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J Neurosci. 2000 Jan 1;20(1):59-65.

Developmental changes in calcium channel types mediating central synaptic transmission.

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  • 1Department of Neurophysiology, University of Tokyo Faculty of Medicine, Tokyo 113-0033, Japan.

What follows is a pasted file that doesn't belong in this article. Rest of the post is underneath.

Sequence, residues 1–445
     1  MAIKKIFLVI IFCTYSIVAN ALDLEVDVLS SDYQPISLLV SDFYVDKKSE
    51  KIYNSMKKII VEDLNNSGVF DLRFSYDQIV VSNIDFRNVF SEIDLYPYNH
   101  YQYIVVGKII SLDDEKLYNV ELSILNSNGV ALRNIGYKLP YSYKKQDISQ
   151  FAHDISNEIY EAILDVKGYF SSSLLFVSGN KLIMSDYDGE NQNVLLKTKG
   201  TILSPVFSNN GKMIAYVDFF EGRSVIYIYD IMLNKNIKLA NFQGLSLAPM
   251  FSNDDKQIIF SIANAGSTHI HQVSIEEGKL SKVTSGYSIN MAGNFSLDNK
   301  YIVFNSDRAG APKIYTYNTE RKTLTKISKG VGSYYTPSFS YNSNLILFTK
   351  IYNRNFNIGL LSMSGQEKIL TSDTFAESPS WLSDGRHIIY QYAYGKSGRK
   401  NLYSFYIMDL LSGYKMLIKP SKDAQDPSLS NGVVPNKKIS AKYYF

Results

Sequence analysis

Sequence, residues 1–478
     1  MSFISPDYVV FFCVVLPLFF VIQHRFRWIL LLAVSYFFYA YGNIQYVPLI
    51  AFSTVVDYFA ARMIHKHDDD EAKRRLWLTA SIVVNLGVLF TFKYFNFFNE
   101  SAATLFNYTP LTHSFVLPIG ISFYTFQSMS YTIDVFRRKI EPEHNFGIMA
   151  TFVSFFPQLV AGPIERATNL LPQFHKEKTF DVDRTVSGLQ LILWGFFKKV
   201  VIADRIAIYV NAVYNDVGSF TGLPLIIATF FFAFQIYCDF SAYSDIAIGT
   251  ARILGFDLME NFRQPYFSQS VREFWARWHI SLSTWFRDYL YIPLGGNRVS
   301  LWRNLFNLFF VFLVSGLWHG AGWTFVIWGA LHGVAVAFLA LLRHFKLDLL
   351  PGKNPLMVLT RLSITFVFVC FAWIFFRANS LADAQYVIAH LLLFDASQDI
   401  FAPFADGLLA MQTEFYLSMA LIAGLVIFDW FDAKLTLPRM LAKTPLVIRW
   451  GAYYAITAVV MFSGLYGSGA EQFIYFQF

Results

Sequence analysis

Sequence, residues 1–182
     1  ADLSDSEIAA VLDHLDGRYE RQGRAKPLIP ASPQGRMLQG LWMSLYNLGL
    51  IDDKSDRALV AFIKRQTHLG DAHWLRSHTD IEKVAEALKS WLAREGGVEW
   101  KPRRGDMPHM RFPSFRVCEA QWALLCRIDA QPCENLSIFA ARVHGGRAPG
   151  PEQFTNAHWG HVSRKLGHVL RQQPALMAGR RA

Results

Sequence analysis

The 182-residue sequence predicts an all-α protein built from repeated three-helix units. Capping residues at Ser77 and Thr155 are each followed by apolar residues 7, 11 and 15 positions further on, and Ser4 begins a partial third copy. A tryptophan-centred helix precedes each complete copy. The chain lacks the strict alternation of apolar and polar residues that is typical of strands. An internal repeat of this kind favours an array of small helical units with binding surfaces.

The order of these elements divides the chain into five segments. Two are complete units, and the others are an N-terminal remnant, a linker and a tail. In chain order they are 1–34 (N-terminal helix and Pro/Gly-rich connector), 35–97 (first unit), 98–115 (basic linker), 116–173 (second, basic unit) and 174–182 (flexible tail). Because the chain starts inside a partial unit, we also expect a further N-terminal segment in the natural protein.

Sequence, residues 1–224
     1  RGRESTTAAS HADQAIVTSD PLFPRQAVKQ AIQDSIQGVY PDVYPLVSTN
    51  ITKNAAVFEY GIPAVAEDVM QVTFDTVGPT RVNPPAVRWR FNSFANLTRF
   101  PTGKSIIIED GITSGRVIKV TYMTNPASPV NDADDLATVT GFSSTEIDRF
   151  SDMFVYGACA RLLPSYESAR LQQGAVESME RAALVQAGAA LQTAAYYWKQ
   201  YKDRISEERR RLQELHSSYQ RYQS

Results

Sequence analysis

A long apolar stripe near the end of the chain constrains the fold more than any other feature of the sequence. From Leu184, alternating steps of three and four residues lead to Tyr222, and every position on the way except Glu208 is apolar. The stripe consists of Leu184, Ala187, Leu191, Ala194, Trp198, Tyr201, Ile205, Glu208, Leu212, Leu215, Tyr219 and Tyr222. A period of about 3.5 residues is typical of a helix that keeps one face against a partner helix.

Multiple types of high-voltage-activated Ca(2+) channels trigger neurotransmitter release at the mammalian central synapse. Among them, the omega-conotoxin GVIA-sensitive N-type channels and the omega-Aga-IVA-sensitive P/Q-type channels mediate fast synaptic transmission. However, at most central synapses, it is not known whether the contributions of different Ca(2+) channel types to synaptic transmission remain stable throughout postnatal development. We have addressed this question by testing type-specific Ca(2+) channel blockers at developing central synapses. Our results indicate that N-type channels contribute to thalamic and cerebellar IPSCs only transiently during early postnatal period and P/Q-type channels predominantly mediate mature synaptic transmission, as we reported previously at the brainstem auditory synapse formed by the calyx of Held. In fact, Ca(2+) currents directly recorded from the auditory calyceal presynaptic terminal were identified as N-, P/Q-, and R-types at postnatal day 7 (P7) to P10 but became predominantly P/Q-type at P13. In contrast to thalamic and cerebellar IPSCs and brainstem auditory EPSCs, N-type Ca(2+) channels persistently contribute to cerebral cortical EPSCs and spinal IPSCs throughout postnatal months. Thus, in adult animals, synaptic transmission is predominantly mediated by P/Q-type channels at a subset of synapses and mediated synergistically by multiple types of Ca(2+) channels at other synapses.

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